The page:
Over the past couple of years, my family has been making steps toward healthier eating and healthier living, not as a concept of vanity–wanting to look great or live up to a certain “post-worthy” image–but as a matter of stewardship–stewardship of our bodies, our communities, our land, and the living things God has given to us as gifts and as responsibilities. I will be posting a blog shortly talking more about this pretty significant commitment our family has made. It’s been a life change brought on by a reality-check in growing older and experiencing certain physical difficulties and health complications, as well as a fairly dramatic perspective change. More on this to come!
One of the joys of this journey has been our first community garden this summer. My parents had a plot in a community garden provided by their church last year and shared much of their harvest with us–it was a great experience–inspiring and delicious. This year they rented two plots and are sharing one of those with us. Though three of the crops I had been excited for and planted as seedlings didn’t make it (rainbow carrots, salad bowl lettuce, and romaine lettuce) my cucumbers, tomatoes, and one pepper plant have been doing fantastic! This experience is beyond the joy of sharing in the crops of local farmers, family, and friends (which is a great experience in itself). To actually collect and eat food that you have grown yourself (with God’s grace and provision) is empowering, enlivening, and fulfilling.
I planted cucumbers for 2 reasons. I make a lot of juices and cucumbers juice beautifully and add a good, mild flavor, as well as working as a great diuretic (among other health benefits). And also,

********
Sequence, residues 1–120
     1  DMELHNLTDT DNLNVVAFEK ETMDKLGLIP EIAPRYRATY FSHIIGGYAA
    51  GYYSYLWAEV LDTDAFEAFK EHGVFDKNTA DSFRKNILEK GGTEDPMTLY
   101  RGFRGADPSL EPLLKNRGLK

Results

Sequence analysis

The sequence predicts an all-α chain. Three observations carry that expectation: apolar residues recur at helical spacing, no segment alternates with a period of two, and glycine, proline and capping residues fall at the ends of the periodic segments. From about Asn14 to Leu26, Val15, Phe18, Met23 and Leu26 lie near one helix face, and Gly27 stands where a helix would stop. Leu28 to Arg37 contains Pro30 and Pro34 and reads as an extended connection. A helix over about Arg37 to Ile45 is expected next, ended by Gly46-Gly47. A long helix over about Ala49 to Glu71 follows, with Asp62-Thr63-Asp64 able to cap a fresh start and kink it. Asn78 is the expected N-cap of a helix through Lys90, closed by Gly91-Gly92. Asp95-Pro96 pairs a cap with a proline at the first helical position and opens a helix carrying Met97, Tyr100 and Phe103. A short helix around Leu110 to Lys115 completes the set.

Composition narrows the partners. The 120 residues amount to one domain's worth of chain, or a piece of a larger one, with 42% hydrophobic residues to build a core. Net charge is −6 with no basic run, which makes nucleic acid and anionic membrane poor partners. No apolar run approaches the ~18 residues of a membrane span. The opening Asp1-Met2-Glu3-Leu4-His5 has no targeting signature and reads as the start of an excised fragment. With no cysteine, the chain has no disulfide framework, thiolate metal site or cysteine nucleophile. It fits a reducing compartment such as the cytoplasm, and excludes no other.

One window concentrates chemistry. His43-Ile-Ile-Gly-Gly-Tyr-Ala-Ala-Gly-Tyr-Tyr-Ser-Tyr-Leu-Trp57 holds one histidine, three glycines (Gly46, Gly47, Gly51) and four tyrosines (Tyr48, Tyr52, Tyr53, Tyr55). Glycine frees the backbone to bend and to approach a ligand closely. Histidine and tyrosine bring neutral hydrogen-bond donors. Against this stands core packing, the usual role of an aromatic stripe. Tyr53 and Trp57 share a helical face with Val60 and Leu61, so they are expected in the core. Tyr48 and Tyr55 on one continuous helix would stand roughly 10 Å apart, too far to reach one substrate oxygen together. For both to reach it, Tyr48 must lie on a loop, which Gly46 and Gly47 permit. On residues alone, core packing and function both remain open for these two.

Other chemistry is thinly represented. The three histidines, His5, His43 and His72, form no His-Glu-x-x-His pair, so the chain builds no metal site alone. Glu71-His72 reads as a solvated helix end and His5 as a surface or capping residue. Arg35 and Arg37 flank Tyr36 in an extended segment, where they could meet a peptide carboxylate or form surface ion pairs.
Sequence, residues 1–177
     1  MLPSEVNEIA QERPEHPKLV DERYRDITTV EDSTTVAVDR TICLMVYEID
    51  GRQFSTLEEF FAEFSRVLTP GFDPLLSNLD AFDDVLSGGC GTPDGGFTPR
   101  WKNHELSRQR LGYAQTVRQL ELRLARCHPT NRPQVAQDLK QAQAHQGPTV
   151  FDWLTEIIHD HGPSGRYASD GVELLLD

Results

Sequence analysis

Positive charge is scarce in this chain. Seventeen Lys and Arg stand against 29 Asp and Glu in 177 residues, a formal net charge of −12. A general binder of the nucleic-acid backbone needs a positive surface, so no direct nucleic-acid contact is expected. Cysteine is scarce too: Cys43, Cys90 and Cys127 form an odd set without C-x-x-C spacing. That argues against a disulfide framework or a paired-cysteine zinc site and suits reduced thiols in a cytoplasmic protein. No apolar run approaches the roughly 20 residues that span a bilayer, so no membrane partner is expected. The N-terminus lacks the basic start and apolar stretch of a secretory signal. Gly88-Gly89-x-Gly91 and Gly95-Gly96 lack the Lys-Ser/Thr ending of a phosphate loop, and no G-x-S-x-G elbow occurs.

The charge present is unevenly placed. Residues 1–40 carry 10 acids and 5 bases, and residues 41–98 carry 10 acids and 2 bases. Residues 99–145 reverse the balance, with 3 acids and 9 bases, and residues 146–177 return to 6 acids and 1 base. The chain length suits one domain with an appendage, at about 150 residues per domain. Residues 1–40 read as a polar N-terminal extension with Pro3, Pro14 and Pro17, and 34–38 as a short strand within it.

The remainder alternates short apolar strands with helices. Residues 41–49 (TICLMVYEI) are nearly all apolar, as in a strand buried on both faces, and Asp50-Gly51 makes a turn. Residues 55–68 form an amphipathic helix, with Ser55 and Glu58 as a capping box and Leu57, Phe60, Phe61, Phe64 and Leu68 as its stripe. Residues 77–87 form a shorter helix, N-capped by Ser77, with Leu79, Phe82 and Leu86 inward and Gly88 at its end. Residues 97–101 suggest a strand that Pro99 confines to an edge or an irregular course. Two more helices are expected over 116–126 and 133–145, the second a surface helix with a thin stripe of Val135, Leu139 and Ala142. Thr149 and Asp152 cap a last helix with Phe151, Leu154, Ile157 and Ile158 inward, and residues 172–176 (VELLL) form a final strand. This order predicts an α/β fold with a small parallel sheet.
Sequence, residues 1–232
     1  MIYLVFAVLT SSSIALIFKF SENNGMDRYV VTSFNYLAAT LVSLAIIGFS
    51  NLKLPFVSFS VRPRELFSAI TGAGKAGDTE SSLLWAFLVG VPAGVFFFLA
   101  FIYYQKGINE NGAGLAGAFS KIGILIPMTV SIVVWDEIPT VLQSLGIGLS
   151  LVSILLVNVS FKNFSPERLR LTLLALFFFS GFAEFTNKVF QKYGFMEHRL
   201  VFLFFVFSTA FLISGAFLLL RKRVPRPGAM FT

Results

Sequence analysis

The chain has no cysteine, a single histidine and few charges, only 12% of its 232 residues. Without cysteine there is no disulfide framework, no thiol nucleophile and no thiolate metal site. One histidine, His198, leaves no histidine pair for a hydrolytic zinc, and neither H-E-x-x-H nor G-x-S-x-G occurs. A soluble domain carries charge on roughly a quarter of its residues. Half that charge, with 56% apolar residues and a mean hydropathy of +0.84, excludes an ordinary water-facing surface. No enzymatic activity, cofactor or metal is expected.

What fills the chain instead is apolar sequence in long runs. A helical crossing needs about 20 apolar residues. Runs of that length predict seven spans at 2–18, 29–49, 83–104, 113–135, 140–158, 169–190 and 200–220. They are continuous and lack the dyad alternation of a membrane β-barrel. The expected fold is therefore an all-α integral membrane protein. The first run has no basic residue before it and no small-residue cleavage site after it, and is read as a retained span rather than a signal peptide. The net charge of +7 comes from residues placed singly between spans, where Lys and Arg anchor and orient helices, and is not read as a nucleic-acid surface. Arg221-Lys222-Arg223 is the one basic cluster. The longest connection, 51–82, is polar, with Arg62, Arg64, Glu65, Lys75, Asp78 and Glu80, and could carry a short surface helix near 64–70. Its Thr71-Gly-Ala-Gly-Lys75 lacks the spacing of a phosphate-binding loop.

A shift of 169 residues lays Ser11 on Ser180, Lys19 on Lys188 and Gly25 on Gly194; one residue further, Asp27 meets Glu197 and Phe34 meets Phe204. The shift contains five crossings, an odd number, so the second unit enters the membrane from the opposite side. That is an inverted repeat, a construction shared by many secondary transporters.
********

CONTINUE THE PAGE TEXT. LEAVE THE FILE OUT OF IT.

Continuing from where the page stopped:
I have wanted to try making pickles for years!
Some interesting things I learned while collecting my cucumber harvest :
- Cucumber plants are vining (I should have known that)
- Cucumbers come off the vine with little-almost-prickly-bumps on them that you can just rub off with your finger (or fingernail) -you never experience that part when you just buy them from the store.
- Cucumber plants have yellow flowers
- Some cucumbers curl as they grow (very funny)
So now that I have gathered quite a cucumber crop, I had to research how to make pickles. I found just the recipe I was looking for in one of my absolute favorite cookbooks. I’ve mentioned it here before on my blog, but here it is again:
It actually took me a few days to get everything lined up and make sure I had all the right ingredients and equipment. Luckily this book does a fantastic job of not only including the recipe, but laying out all the materials and tools you will need along with sharing personal stories and advice about pickle making (and canning).
Finally it was pickle making time!
I had to meticulously clean all of my ingredients and utensils, sterilize my jar and lid, and cut my cucumber spears while I boiled the brine. Its a little labor intensive, but not as much as it initially sounds like. The main thing that was daunting to me was how careful you have to be not to touch the inside of the lids and bands…. I am still feeling a little paranoid that maybe I didn’t wash something well enough, sterilize long enough, or maybe I accidentally touched something I wasn’t supposed to touch. It’s probably first-time gitters. If my pickles cure properly at the end of 2 weeks, I’ll know I did everything sufficiently, and probably will have a bit more confidence next time.
Either way, it was a very exciting endeavor, and I felt thrilled as I screwed on the top of my first hot jar of just-canned-pickles! There are many things you can add into the mix along with your cucumbers to add flavor. I chose to add fresh garlic cloves, organic fresh dill, and mustard seeds. In two weeks we’ll get to try them.
However this first batch turns out, I’m hooked.
I look forward to tasting my first batch, learning from it, tweaking it, and making the next and the next. Cucumber pickles for now, and hopefully on to other ingredients. Maybe even some canning too.
Happy are the hands that make from what was planted and grown and happy are the homes filled with fresh, clean, beautiful food.